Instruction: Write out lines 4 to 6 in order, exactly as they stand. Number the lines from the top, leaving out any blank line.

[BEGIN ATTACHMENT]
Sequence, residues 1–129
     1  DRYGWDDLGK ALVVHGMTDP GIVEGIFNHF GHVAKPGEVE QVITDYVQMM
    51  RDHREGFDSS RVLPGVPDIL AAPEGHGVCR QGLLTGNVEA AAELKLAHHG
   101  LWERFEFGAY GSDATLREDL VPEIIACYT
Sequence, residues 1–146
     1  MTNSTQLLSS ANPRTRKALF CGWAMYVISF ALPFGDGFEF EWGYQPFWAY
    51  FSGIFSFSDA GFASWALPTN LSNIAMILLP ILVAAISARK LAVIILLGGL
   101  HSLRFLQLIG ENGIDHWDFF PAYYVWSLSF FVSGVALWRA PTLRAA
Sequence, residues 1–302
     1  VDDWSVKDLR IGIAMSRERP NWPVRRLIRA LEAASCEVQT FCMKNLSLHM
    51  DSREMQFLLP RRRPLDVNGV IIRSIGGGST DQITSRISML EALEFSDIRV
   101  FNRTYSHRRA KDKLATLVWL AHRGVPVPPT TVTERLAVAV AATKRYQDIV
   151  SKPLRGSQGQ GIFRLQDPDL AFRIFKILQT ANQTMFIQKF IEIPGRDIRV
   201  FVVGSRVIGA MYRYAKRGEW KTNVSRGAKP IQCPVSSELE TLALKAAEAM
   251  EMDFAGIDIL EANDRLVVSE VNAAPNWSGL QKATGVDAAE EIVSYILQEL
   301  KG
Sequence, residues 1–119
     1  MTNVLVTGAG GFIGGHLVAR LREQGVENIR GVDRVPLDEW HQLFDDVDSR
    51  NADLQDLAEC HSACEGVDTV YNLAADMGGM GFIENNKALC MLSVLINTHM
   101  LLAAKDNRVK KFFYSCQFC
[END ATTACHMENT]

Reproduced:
   101  LWERFEFGAY GSDATLREDL VPEIIACYT
Sequence, residues 1–146
     1  MTNSTQLLSS ANPRTRKALF CGWAMYVISF ALPFGDGFEF EWGYQPFWAY